Instrument cluster displays tend to fail, especially the clock and gear indicators. Our technicians tell us the instrument cluster will require replacement to correct this issue.
Car problem reports
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Most reported 2000 Mercedes-Benz E430 problems
A squeak from the steering column is often related to a rubber boot in the column or a seal in the power steering rack.
The crankshaft position sensor may fail. Symptoms of this are: The engine will crank—but not start—especially when the engine is warm. The car may start again if it is left to cool off, but it may run roughly or have poor performance.
Brake lamp housings can melt, resulting in a loss of contact for the brake light bulb holder. If this happens, the brake light will not work. Replacement of the damaged lamp housing should correct this problem.
Leaks may develop from the differential cover and/or seals on high mileage or older vehicles. Our technicians recommend a complete reseal of the differential unit if these leaks are addressed.
The ESP and BAS warning lights may illuminate due to a failed brake light switch. Replacement of the failed switch should correct this concern.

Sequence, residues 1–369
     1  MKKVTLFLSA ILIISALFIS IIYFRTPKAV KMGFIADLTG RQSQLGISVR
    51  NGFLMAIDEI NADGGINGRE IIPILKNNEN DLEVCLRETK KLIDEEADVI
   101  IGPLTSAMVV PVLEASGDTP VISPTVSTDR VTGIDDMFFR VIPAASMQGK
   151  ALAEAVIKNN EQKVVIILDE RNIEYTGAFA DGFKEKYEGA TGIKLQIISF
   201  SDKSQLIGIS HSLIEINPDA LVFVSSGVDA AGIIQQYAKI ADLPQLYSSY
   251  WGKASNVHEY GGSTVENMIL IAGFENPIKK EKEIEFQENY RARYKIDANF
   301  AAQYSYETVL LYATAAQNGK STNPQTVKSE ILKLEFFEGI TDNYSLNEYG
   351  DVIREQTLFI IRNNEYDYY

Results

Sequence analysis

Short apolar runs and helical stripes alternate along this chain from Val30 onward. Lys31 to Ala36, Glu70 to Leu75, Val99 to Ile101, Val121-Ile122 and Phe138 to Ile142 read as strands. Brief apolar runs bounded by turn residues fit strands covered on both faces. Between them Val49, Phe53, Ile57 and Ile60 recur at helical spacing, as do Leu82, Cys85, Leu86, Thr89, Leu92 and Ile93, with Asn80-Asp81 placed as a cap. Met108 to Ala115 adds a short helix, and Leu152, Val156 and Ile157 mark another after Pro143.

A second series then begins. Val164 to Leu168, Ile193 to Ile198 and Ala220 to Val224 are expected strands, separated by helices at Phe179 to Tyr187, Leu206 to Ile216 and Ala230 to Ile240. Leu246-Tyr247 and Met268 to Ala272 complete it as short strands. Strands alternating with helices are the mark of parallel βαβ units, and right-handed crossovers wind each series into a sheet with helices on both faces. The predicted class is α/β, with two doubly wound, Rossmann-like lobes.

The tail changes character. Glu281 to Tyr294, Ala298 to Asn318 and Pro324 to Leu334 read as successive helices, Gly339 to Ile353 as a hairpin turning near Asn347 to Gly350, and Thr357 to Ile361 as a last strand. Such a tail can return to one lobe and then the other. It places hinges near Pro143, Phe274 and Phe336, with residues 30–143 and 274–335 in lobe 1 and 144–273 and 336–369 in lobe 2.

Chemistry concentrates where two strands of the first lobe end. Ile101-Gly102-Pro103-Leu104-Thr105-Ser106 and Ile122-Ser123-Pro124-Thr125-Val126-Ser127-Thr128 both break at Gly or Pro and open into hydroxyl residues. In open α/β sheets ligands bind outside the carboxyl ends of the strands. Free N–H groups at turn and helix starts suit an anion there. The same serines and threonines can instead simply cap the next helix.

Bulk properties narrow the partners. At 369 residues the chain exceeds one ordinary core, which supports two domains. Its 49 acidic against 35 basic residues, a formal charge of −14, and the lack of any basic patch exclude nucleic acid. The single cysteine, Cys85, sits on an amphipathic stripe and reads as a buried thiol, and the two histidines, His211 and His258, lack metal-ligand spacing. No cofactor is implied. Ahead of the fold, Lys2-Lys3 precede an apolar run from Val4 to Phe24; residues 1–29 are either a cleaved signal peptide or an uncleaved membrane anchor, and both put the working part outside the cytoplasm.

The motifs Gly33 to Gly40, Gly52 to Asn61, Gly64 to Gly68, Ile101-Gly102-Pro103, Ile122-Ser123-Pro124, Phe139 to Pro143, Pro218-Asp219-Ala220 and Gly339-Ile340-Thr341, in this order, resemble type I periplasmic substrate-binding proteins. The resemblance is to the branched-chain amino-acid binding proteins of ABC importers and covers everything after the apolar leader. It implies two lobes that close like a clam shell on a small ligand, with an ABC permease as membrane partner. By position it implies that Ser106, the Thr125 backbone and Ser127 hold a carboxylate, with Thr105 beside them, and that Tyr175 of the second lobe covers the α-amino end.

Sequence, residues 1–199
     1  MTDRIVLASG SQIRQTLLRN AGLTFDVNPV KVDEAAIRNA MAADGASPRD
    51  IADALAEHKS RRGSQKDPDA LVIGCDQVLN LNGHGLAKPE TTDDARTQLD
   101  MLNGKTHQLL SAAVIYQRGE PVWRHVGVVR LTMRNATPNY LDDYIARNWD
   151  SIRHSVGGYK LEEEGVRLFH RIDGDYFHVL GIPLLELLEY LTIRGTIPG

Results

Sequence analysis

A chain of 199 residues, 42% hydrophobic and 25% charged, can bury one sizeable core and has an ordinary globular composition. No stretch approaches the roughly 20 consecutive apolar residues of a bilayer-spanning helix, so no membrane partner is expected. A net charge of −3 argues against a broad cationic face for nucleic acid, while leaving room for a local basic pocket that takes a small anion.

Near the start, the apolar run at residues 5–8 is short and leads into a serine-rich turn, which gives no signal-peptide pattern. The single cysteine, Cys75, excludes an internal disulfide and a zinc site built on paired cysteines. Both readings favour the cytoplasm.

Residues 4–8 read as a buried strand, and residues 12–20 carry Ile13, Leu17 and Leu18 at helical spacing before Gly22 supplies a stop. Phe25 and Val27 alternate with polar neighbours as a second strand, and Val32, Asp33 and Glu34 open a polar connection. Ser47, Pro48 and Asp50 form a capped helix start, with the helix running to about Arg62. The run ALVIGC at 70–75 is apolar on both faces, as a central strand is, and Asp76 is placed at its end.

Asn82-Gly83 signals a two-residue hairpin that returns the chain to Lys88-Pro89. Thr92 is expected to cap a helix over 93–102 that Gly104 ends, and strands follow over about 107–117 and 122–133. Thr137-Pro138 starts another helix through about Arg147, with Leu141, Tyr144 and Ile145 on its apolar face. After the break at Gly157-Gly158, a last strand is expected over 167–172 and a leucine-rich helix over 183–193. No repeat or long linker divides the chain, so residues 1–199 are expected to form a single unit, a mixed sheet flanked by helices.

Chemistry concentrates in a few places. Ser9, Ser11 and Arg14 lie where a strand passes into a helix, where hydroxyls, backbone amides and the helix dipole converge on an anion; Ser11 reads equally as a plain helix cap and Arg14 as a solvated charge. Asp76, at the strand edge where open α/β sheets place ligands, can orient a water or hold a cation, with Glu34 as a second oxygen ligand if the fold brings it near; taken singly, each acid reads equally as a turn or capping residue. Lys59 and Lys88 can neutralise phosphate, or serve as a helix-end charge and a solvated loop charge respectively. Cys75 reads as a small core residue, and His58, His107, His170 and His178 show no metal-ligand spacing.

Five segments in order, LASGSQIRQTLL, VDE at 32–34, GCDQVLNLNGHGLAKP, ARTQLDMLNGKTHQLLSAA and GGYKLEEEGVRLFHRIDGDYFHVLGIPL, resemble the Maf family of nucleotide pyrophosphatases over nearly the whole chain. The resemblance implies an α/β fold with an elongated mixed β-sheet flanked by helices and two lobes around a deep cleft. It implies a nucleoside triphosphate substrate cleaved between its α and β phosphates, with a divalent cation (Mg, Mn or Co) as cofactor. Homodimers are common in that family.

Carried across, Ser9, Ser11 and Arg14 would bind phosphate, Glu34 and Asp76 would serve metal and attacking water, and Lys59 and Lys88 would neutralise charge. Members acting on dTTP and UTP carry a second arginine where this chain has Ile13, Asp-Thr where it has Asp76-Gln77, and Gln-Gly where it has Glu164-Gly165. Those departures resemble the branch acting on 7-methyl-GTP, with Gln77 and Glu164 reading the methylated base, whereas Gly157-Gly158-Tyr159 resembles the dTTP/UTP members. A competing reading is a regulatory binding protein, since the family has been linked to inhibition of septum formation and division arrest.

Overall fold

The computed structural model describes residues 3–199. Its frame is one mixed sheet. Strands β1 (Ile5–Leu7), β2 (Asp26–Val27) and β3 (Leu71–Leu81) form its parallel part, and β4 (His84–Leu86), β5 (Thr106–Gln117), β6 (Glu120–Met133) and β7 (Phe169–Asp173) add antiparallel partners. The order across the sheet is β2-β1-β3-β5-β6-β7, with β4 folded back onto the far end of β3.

The switch for the vanity mirror light above the sun visor fail; there is an updated switch for some models. On the remaining models, due to a redesign, the mirror "cassette" will need replacement.
Irregular and premature tire wear can be caused by the lower control arm bushings cracking, resulting excessive movement at the control arm pivot point. Ball joints can also wear out prematurely, causing similar tire wear symptoms. I some cases it may be necessary to replace the lower control arm, including bushings & ball joint to correct this concern.
The bushings for the shifter lever wear out to the point where they break and fall out. This causes excessive movement (loose feel) in the shifter lever and a clanging-type noise when changing gears.
PSE system, voice control module, or Tele Aid module failure can cause a lack of audio. These same modules can also cause dead battery conditions when they fail to "time out." Many electronic control modules are active even when the engine is off. If these modules stay active, they will drain the battery, which is why they have a timer built into the modules. The timer shuts down the modules after a preset amount of time (timing out). If a module does not time out, it will stay active and drain the battery.
Due to wear, high usage vehicles can experience ignition lock and tumbler failures. The ignition lock cylinder will generally require replacement to correct this concern.